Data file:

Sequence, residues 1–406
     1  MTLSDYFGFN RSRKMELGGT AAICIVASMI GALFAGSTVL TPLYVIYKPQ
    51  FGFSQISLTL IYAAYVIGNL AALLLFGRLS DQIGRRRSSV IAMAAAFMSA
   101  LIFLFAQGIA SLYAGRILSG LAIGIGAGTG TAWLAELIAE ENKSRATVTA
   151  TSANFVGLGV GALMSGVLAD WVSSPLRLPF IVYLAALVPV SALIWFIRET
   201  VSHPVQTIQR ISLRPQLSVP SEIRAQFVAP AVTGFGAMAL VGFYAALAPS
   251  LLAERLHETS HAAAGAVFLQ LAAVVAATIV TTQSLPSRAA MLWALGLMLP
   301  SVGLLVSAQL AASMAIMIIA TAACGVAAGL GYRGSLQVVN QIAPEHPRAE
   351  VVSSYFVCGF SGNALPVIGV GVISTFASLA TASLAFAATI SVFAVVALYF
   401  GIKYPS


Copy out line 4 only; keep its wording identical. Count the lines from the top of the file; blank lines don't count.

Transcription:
   101  LIFLFAQGIA SLYAGRILSG LAIGIGAGTG TAWLAELIAE ENKSRATVTA